Barthelmäs, M., & Keller, J. (2021). Antecedents, Boundary Conditions and Consequences of Flow. In C. Peifer & S. Engeser (Eds.), Advances in Flow Research (pp. 71-108). Springer. doi:10.1007/978-3-030-53468-4_3
Busselle, R., & Bilandzic, H. (2008). Fictionality and perceived realism in experiencing stories: A model of narrative comprehension and engagement. Communication theory, 18(2), 255-280. doi: 10.1111/j.1468-2885.2008.00322.x
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Engeser, S., & Rheinberg, F. (2008). Flow, performance and moderators of challenge-skill balance. Motivation and Emotion, 32, 158-172.
Fong, C. J., Zaleski, D. J., & Leach, J. K. (2015). The challenge–skill balance and antecedents of flow: A meta-analytic investigation. The Journal of Positive Psychology, 10(5), 425-446. doi: 10.1080/17439760.2014.967799
Jackson, S. A., Thomas, P. R., Marsh, H. W., & Smethurst, C. J. (2001). Relationships between flow, self-concept, psychological skills, and performance. Journal of Applied Sport Psychology, 13(2), 129-153. doi: 10.1080/104132001753149865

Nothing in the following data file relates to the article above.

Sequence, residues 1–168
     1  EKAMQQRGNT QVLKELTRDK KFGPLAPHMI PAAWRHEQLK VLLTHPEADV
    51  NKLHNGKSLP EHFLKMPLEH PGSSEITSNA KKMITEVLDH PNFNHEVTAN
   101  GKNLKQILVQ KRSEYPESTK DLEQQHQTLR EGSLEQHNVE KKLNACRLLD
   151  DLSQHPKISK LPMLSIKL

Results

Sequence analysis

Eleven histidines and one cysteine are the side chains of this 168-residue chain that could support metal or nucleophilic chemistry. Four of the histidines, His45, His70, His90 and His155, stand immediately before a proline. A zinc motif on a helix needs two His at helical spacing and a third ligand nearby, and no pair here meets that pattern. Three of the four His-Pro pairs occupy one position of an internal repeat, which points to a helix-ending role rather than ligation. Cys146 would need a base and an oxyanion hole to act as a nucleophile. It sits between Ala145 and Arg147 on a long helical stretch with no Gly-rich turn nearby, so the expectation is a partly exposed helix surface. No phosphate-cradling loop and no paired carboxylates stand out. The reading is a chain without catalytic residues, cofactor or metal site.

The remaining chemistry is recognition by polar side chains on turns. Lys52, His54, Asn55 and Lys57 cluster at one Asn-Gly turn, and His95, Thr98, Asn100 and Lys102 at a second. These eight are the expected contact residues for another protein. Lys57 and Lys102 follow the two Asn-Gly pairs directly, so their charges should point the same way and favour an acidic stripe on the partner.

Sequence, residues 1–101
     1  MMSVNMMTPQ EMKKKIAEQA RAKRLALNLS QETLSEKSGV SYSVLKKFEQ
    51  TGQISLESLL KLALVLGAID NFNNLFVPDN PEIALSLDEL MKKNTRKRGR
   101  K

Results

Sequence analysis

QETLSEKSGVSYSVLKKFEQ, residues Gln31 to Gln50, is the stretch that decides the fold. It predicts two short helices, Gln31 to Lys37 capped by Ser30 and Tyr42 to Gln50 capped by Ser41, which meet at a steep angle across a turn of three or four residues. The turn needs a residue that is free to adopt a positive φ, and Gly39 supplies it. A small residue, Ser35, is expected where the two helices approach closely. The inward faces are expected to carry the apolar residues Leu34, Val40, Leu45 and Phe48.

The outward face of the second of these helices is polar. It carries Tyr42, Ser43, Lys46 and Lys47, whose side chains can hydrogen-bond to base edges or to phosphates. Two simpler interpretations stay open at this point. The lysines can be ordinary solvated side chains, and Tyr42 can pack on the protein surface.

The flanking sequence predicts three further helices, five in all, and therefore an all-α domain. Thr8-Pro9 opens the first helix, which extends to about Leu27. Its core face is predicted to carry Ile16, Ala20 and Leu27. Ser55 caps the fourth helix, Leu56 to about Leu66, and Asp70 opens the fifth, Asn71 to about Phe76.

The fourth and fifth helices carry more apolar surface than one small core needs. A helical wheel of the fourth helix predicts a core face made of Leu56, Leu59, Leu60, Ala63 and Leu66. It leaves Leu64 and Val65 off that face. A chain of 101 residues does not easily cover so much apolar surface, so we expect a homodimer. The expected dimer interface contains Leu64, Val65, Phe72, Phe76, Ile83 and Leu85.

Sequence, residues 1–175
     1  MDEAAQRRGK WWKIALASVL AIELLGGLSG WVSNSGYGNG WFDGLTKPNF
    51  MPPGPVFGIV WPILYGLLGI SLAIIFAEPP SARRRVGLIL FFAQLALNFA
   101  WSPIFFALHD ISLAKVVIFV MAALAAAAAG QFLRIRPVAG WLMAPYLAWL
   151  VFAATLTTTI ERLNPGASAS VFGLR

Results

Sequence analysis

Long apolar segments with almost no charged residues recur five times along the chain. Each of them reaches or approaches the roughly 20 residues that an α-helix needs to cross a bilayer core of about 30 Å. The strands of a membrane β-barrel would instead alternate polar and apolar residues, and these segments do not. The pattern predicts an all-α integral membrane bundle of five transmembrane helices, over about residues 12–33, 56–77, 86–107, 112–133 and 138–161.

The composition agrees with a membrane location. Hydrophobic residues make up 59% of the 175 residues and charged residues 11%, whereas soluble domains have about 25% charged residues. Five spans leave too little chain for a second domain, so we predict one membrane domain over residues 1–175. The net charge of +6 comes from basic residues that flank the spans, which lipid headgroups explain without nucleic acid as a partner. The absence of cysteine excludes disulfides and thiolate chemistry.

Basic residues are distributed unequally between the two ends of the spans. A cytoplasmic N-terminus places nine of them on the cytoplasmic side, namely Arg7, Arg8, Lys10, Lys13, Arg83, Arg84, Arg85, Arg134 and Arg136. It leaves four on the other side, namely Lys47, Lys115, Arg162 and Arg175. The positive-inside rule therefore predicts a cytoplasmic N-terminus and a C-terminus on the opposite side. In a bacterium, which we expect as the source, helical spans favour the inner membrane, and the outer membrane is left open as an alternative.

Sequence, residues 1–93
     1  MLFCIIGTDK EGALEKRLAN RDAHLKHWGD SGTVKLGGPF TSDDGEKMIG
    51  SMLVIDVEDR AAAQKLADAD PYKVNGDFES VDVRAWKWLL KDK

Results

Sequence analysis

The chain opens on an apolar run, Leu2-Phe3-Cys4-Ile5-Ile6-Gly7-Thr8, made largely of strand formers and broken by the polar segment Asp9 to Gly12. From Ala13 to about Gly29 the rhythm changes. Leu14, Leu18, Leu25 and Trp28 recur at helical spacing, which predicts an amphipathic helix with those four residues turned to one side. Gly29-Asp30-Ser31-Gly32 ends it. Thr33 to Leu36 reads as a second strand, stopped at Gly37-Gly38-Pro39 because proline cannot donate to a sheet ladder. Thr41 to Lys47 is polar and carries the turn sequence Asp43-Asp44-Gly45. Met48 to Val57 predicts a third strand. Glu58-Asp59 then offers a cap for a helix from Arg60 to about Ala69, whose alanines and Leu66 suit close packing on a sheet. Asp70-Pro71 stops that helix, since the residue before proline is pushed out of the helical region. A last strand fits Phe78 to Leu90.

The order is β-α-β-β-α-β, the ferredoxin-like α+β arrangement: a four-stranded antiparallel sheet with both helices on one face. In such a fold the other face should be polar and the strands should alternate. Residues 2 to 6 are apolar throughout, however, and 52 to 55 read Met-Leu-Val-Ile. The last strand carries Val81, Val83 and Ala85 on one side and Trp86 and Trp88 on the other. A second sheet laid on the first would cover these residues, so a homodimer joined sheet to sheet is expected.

Lüdtke, J., Froehlich, E., Jacobs, A. M. & Hutzler, F. (2019). The SLS-Berlin: Validation of german computer-based screening test to measure reading proficiency in early and late adulthood. Frontiers in Psychology, 10, 1682. doi: 10.3389/fpsyg.2019.01682
Scavezzon, B. (2010). Die verborgene Seite der Medaille [The hidden site of the medal]. In Ein Album voller Kurzgeschichten [A collection of short stories] (pp. 49-58). August von Goethe Literaturverlag.
Schutte, N. S. & Malouff, J. M. (2007). Dimensions of reading motivation: Development of an adult reading motivation scale. Reading Psychology, 28(5), 469-489. doi:10.1080/02702710701568991
Thissen, B. A. K., Menninghaus, W., & Schlotz, W. (2018). Measuring optimal reading experiences: The Reading Flow Short Scale. Frontiers in Psychology, 9, 2542. doi: 10.3389/fpsyg.2018.02542
Thissen, B. A., Menninghaus, W., & Schlotz, W. (2020). The pleasures of reading fiction explained by flow, presence, identification, suspense, and cognitive involvement. Psychology of Aesthetics, Creativity, and the Arts, 15(4), 710-724. doi: 10.1037/aca0000367
Thissen, B. A., Schlotz, W., Abel, C., Scharinger, M., Frieler, K., Merrill, J. & Menninghaus, W. (2021). At the Heart of Optimal Reading Experiences: Cardiovascular Activity and Flow Experiences in Fiction Reading. Reading Research Quarterly 57(3), 831-845. doi:10.1002/rrq.448
Tschense, M., & Wallot, S. (2022). Modeling items for text comprehension assessment using confirmatory factor analysis. Frontiers in Psychology, 13, 966347. doi: 10.3389/fpsyg.2022.966347